But, to each their own.

Hitch
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#5  4691mls 06-26-2019, 06:27 PM
As a reader, I can get confused if too many names start with the same letter.

I agree with what Hitch said about this particular list.

I do recall once having a friend who would mix up short names with similar vowel sounds, such as Bob, John, Tom (I think this was only when the names were spoken, not written down so that would be an audiobook issue.) I personally wouldn't be likely to mix up those names in either audio or visual format.
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#6  lumpynose 06-26-2019, 11:06 PM
I'm bad about remembering people's names and I once was sharing a place with 3 guys named Ron, Jon, and Don.

That "Paul Urquhart" could have had more imagination with those character names, e.g., Nathaniel, Bartholomew, Constantine, Poindexter, and Harrison. And nice nicknames as well, Nate, Bart, Connie, Dexter (or Dex), and Harry.
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#7  crich70 06-27-2019, 08:38 PM
Quote gmw
This sort of thing is one reason why it's worth maintaining lists of characters, places and so on: such lists allow you to more easily see unintentional patterns.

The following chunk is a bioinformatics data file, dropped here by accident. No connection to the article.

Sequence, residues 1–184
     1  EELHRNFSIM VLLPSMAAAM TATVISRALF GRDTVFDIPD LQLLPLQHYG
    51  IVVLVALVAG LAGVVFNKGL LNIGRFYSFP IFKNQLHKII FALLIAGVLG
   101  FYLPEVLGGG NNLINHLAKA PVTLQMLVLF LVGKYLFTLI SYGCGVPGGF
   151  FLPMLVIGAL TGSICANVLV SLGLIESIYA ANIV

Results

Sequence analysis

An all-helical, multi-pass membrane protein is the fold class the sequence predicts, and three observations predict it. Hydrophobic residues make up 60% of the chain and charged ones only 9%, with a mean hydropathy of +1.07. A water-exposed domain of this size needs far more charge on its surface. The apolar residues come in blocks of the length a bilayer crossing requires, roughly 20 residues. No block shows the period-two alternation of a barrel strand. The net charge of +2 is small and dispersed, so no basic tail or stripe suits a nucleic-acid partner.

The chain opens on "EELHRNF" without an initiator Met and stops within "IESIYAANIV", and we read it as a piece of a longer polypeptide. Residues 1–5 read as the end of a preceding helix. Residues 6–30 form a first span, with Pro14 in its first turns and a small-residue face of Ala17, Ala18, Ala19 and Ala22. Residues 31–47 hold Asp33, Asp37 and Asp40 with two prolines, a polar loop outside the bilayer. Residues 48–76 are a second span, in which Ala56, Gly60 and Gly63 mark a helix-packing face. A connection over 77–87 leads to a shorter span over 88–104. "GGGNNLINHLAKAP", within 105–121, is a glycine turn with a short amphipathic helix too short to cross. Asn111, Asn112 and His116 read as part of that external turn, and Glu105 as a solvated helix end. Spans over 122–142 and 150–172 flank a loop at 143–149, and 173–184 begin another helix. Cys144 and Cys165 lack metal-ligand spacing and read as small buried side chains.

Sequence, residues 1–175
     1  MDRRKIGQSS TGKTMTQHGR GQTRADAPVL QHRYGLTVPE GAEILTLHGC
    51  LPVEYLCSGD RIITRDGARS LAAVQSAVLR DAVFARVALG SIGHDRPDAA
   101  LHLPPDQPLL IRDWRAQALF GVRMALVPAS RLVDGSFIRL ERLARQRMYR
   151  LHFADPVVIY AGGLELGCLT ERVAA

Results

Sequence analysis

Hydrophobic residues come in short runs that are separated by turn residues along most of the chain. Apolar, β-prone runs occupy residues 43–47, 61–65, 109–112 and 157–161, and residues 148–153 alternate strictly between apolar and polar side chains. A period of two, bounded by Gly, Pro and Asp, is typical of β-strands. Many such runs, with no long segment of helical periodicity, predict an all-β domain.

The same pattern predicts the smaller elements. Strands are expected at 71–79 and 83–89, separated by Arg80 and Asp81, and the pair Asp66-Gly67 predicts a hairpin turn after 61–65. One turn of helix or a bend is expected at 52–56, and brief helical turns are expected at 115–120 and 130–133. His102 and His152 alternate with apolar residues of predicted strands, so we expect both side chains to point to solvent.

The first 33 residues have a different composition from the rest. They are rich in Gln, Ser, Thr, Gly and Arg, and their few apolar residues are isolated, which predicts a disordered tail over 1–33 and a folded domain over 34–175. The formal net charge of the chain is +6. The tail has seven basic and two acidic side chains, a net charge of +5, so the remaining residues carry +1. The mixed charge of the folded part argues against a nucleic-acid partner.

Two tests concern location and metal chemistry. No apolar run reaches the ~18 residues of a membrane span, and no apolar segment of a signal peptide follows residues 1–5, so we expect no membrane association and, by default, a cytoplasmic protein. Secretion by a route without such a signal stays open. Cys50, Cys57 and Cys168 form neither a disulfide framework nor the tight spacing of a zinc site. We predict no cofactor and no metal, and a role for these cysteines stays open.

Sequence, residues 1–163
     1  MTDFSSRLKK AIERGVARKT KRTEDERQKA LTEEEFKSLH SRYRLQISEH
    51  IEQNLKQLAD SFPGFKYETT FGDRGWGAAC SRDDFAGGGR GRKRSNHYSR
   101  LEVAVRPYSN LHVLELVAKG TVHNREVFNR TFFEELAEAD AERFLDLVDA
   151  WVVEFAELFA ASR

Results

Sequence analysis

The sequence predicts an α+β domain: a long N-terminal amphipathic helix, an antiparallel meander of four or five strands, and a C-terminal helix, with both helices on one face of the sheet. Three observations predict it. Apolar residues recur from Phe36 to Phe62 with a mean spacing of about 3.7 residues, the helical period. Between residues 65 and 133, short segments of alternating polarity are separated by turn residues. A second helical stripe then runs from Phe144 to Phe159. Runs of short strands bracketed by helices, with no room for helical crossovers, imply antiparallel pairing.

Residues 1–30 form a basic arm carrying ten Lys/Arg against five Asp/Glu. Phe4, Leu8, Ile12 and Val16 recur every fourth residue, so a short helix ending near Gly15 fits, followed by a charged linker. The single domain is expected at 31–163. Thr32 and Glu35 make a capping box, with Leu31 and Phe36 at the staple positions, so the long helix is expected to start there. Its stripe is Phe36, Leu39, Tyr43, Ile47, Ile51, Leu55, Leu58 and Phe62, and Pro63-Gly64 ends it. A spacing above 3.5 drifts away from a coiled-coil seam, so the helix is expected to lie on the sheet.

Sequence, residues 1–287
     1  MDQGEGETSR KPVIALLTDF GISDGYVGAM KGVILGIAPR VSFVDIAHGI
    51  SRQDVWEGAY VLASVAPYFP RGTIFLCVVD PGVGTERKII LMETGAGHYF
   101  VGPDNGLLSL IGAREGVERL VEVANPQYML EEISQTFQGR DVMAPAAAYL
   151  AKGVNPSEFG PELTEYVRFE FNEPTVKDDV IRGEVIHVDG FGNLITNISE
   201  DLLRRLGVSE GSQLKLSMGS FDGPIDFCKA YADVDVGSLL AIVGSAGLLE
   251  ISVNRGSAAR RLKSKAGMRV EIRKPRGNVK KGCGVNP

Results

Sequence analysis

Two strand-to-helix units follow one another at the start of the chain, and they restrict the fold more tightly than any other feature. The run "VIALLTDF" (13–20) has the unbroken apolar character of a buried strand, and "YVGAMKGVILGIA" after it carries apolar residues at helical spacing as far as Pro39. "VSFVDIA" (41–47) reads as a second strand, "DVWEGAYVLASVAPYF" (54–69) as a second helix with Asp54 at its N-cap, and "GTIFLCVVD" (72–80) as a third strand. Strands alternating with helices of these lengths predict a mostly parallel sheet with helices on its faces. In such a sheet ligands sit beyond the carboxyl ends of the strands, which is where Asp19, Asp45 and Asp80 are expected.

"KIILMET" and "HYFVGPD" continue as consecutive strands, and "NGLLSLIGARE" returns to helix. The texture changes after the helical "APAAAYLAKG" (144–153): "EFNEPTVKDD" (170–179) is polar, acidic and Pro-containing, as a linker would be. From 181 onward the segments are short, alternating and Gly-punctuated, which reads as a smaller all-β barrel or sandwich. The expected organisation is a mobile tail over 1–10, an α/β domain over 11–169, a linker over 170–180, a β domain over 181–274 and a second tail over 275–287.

That said, my first reaction to the OP was: "'a' names!"? Previous advice I had read warned against using names starting with the same letter: Edwina, Edith, Evelyn, Eloise, etc. Which I would describe as 'e' names. Hence my initial confusion with the OP.

I can see a word-shape similarity, combined with 'a' being the common vowel (but they are not using the same sound, nor even all the same number of syllables). If there are five characters and these are the names then I can see your problem - because, at the very least, it seems statistically unlikely. But if these were five names picked from 20 in the story then I might have less of an issue.

I must presume that the context is such that these five names are important enough (used enough) that the (slight) visual similarity is causing some difficulty. Also, I am presuming there is not some deliberate intention on the part of the author(s) to make these names seem similar. Such as a line from the movie George of the Jungle: "Thank you, Gunner, Gunter, Hans, Jan... and Phil.", where the one name that stands out highlights the similarity in the others to some effect.